Most people cringe at the thought of going on a diet. To them, losing weight is a torturous process involving ridiculously low calorie intakes, the elimination of entire food groups and further unsustainable practices.
If that’s your idea of losing weight, yeah, it’s going to suck. And yeah, you’re not going to last.
But what if I told you that you can get and stay in phenomenal shape for the rest of your days without suffering or feeling deprived? How, you ask?
Make your diet work for you.
In the following, I will introduce you to the 2 pillars of diet success. Two pillars that will help you take charge of your nutrition and dominate your physique goals.
My intention here is not only to show you how simple staying in shape year-round is, but to lay to rest the vegan vs. paleo, low carb vs. low fat, IIFYM (If It Fits Your Macros) vs. clean eating debates. There is no one-size-fits-all type of diet. There is no “best” diet despite what the gurus are telling you.
Whether you want to lose or gain weight, master the 2 pillars of diet success and enjoy absolute control over the way you look and perform in and out of the gym.
Calories and Macronutrients
Dogmatic thinking has infested our minds and instilled in us a fear of foods and non-diet practices (i.e. eating a big dinner). Instead of looking at facts, we’re driven by ideologies. Instead of using common sense, we’re chasing the next quick-fix solution. You wouldn’t be here if that weren’t the case.
The “dieter’s mindset” won’t get you anywhere. Forget everything you think you know about weight-loss or healthy eating and start monitoring and controlling your I.) total calorie intake and the II.) macronutrient composition (ratio of fats, carbohydrates and proteins) of your diet.
- Calculate your individual calorie needs
- Eat 2.2.-2.9 grams of protein per kilogram of bodyweight
- Get a minimum of 30% of calories from fat
- Get the rest of your calories from carbohydrates
Adjust your total energy intake to fit your individual goals (weight-loss, maintenance/ recomposition, weight-gain). Once you’ve established your caloric intake, dial in your macro ratios. Do you respond better to a higher fat or a higher carb diet? Figure it out. Protein is non-negotiable, though.
Once you’ve put in the time you’ll be able to eyeball portion sizes and estimate caloric values. At this point, you’ve reached the master level and staying lean becomes a breeze.
Every Diet Works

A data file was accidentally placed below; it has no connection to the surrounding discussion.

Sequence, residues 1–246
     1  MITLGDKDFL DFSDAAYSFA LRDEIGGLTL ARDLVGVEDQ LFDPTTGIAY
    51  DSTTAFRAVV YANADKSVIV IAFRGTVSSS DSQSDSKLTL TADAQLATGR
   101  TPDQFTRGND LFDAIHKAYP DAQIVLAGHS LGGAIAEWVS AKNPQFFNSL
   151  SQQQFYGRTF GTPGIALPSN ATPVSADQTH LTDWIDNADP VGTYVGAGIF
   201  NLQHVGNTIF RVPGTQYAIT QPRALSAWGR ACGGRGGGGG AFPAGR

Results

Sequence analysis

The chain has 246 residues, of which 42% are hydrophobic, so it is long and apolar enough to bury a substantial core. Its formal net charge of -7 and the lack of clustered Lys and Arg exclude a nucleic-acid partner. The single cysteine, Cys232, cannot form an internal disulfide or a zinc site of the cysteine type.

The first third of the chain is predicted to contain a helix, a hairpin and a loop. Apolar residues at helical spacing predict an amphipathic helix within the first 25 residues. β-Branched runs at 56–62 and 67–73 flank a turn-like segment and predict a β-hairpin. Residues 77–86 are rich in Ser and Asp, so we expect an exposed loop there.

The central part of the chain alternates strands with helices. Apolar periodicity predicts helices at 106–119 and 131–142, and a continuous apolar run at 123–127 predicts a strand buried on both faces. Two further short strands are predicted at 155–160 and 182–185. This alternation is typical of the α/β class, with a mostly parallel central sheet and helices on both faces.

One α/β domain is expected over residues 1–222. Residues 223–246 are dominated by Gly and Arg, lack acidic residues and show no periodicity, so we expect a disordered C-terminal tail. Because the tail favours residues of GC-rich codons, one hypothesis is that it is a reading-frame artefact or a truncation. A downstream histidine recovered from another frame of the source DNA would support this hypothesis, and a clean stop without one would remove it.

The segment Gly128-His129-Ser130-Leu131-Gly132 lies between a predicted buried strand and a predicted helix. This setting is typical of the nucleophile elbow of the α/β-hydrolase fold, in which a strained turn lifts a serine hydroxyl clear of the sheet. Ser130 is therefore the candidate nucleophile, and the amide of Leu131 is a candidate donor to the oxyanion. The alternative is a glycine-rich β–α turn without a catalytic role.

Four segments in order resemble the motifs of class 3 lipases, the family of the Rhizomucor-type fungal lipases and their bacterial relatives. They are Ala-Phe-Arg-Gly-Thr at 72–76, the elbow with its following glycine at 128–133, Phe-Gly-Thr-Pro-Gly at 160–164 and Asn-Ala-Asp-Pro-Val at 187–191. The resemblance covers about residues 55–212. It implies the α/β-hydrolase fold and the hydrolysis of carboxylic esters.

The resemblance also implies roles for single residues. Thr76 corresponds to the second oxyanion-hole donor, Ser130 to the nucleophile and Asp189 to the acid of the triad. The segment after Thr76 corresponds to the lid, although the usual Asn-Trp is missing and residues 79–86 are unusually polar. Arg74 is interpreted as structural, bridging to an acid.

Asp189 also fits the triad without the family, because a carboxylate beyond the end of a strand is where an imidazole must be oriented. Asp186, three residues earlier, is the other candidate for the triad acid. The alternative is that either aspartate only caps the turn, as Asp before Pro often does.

Reduce your caloric intake and you will lose weight, regardless of foods you choose to eat. Provide less energy than your body expends and your weight will go down. There are no exceptions to this rule!
“If every diet works, why am I not losing weight?”
You’re eating too many calories. Start monitoring your intake and eat at a moderate deficit.
“But I eat a healthy vegan/paleo/ketogenic/macrobiotic diet.”
I don’t care what you eat. You have to consume less energy (calories) than your body expends in order to lose weight.
“My coach says I have a sluggish metabolism and that’s why I can’t lose weight.”
You’re coach is mistaken. As long as you maintain negative energy balance you will lose weight. A faster metabolism would only allow you to eat (slightly) more while maintaining a calorie deficit.
Diets initially work because they greatly limit food choices and thus make it very hard to overeat. Calories and macronutrients, remember? Any and every diet can get the job done.
Now the question remains, why do you want to eat according to a certain template? If it’s due to ethic reasons (i.e. animal rights), I applaud your integrity. Do what you must do. But if you’re in it because you read a book or an article proclaiming a specific diet to be the cure to obesity and degenerative disease, let me assure you, you’re being mislead.
Control your calories and eat the right macronutrient split for your body (this is key and highly individual!). Everything else (calorie sources, meal timing and frequency, supplementation etc.) is negligible in the grand scheme of things.
The Only Diet That Works As Advertised
I have a deep aversion to restrictive diets. Partly because I’ve had my share of unpleasant experiences with them and partly because they are backed by assumptions and emotions instead of science and real world results.
And I’m not one to nod in agreement with unfounded nonsense. You shouldn’t be either.
You want to lose weight? Eat less.
You want to lower your blood pressure, decrease your risk of heart disease and type 2 diabetes? Eat less and increase your activity levels. Create a negative energy balance, ramp-up your protein intake and watch your body composition and health markers improve.
There are no bad or good foods. There’s a “too much” and a “too little”. The only reason to eliminate individual foods is if you cannot tolerate them!
Feel bloated or nauseous after drinking milk? – Don’t drink milk.
Tired and lethargic after eating a grain-based meal? – Reduce the amount you eat at any one time and optimize your macronutrient ratios (i.e. increase dietary protein and lower carbohydrate content).
Inflamed gums after eating steak? Limit consumption and alternate between different protein sources.
And while you’re at it, stop taking garbage information as gospel, will you? Make educated decisions and quit being a mindless drone. We have enough of those walking the streets already. You are not a slave to your genetics or your environment (“I don’t have time to prepare my meals”). You forge your own body and determine how you look and feel with your everyday decisions.
Thank you for reading